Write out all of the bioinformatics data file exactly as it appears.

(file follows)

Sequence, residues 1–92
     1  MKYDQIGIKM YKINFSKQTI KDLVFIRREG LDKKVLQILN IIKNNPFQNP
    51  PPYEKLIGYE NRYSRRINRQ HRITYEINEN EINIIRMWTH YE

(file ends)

Sequence, residues 1–92
     1  MKYDQIGIKM YKINFSKQTI KDLVFIRREG LDKKVLQILN IIKNNPFQNP
    51  PPYEKLIGYE NRYSRRINRQ HRITYEINEN EINIIRMWTH YE